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EDF Take Off

GETTING AIRBORNE

There are three common methods to an EDF Take Off. They include:
ROG ( Rise off Ground )
Hand Launching
Bungee Launch
We will look at each method in detail below.

ROG – Rise off Ground

Much like a full scale jet, a ROG take off is one where a long stretch of run way is used to build speed and then leave the ground. If you are coming from prop planes, the technique used is slightly different along with the climb out. Be sure to double check that your Center of Gravity is correct and run over all pre-flight checks.

First be certain there is a long bit of runway where you can safely get your plane up to speed. EDF jets take a much longer distance than a similar weight prop plane. Once the plane is placed at one end of the runway facing in to the wind, it is time to advance the throttle. In order to get up to speed, you must commit to WOT.(wide open throttle) Once the plane reaches a high enough speed pull back on the elevator until airborne. Depending on the Angle of Attack,(Angle main wings makes with runway) use of the elevator to break the surface may be necessary. Maintain WOT until you are at a safe altitude before begining the first turn. With no propwash to keep air flow over the control surfaces, increased airspeed is necessary to compensate. Once up to a safe altitude 70% throttle can be used to maintain a cruising speed.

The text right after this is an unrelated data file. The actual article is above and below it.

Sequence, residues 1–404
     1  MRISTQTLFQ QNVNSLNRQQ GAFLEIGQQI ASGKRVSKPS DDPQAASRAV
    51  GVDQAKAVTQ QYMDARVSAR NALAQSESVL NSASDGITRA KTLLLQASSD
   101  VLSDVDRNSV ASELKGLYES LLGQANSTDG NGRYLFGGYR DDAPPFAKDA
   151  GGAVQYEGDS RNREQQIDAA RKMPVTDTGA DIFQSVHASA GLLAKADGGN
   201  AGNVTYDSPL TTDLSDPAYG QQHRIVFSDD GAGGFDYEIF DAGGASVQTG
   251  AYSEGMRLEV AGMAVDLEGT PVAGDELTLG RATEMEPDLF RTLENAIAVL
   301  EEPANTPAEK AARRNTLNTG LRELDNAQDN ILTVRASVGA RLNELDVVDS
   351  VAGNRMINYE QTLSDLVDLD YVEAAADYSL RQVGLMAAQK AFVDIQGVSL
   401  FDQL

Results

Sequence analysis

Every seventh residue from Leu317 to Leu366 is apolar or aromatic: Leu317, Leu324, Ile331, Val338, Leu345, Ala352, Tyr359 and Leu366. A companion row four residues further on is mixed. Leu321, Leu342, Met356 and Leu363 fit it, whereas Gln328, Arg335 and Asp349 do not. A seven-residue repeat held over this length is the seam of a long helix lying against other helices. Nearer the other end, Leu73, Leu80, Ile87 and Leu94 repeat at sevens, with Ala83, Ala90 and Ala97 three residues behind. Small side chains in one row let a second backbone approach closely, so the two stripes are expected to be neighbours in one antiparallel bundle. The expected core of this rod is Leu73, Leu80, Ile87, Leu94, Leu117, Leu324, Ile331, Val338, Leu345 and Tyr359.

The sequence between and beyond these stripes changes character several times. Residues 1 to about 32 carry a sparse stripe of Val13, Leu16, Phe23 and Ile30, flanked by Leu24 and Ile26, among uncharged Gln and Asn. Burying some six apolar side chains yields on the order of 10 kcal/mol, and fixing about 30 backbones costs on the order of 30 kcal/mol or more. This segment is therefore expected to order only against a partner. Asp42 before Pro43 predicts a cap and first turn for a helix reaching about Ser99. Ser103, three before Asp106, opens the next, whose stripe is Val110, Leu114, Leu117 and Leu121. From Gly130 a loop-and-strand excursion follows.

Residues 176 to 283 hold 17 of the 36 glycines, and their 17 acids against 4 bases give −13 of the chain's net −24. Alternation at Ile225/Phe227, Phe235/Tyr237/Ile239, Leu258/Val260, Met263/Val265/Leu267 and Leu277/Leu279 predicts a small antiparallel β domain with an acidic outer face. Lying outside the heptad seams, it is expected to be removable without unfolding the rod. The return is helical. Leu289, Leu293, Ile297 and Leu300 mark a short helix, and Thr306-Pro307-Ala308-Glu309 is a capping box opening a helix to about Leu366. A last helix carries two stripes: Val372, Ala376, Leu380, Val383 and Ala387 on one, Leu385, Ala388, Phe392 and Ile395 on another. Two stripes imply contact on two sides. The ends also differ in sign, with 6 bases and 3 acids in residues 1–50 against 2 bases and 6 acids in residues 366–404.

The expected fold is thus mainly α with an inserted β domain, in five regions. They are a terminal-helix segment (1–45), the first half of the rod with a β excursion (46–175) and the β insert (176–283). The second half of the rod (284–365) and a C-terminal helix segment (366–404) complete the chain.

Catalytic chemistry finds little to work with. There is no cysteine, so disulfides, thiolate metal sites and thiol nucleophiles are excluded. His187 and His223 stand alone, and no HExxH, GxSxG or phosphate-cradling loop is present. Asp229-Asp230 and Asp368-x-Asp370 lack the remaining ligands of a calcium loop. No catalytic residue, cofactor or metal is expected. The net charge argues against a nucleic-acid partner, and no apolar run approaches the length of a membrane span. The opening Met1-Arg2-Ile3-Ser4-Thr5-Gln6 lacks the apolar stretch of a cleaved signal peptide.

If you run out of runway throttle back all the way, retrieve the plane, and check that the gear survived. If all looks good repeat the process. If it is near impossible to get airborne, it may be best to double check your angle of attack. Negative Angle of Attack will make it exceptionally difficult to rotate the plane off the runway.

Hand Launching

Hand Launching is generally limited to a plane constructed out of foam. Wing Loading should be less than 20oz/sq ft. A higher wing loading will launch easier with higher power. Under powered EDF jets will be more difficult to launch. Be sure to double check that your Center of Gravity is correct and run over all pre-flight checks. An incorrect Center of Gravity for a first launch may be your last.